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the scientific discipline that studies the structure and properties of wood.
Xylology is concerned with all information on wood as a material available from research involving the use of biological, chemical, physical, mechanical, and other methods. The subject is included in the training of all forestry specialists in the higher educational institutions and technicums of the USSR. It consists of the following divisions: the structure of wood (macroscopic and microscopic); the chemical, physical, and mechanical properties of wood and the effect on them of a variety of factors; defects in wood; durability; and the particular characteristics of the wood of the main tree species of the USSR.
The efforts of A. E. Teploukhov, D. I. Zhuravskii, D. M. Kaigorodoy, N. M. Buryi, A. V. Gadolin, I. P. Borodin, N. A. Beleliubskii, N. A. Filippov, L. A. Ivanov, S. I. Vanin, L. M. Perelygin, A. Kh. Pevtsov, N. N. Chulitskii, and others have contributed greatly to the development of Soviet xylology.
Xylology as an independent educational discipline first took shape in the USSR in 1932. The first textbooks and manuals were written in the 1930’s, and the first steps were taken that year to standardize methods for the physical and mechanical testing of wood, the results of which were later used to define indexes for the properties of the wood of the most important commercial species of the USSR. A great deal of attention was focused on the structure of wood and its defects. Relationships were found between the properties of wood and silvicultural factors. The effects of moisture, temperature, acids, alkalis, and so forth on the properties of wood were determined. This research made possible the extensive use of wood in construction and in the airplane, ship, and railroad-car building industries.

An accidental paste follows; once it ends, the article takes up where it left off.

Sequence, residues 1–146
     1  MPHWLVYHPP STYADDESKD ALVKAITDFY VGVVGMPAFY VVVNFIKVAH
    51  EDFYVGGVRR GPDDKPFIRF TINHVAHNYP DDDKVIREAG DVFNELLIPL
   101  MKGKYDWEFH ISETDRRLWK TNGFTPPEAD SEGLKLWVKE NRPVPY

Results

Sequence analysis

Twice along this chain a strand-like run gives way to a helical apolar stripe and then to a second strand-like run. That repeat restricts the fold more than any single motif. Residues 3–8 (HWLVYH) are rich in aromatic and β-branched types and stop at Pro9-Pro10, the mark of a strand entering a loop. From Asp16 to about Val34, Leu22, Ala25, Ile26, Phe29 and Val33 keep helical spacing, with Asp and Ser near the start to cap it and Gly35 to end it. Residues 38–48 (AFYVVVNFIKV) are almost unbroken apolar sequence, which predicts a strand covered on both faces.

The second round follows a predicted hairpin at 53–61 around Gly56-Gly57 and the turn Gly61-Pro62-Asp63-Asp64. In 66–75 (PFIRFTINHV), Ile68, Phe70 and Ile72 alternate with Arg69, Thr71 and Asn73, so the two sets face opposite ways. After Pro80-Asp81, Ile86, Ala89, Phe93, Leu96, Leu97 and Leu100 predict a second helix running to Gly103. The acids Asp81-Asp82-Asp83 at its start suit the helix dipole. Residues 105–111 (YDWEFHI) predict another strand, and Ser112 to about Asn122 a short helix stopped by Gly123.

Broad research has been conducted since the 1950’s on the fundamental properties of wood: microscopic and ultrafine structure, rheological properties, moisture deformations, internal stresses, anisotropy, thermophysical, dielectric, and piezoelectric properties, and nondestructive methods of testing strength. Methods of testing wood based on the use of infrared, luminous, and ultraviolet irradiation, X-rays, and nuclear radiation are being developed. Sonic and ultrasonic vibrations are also used in tests. Color and luster are investigated by objective methods. Research is under way on finding effective methods of detecting flaws in wood. The structure and properties of wood are being studied in order to improve the existing technological processes of drying, impregnating, mechanically treating, gluing, and finishing wood, as well as to develop new methods.
REFERENCEPerelygin, L. M. Drevesinovedenie, 2nd ed. Moscow, 1969.
B. N. UGOLEV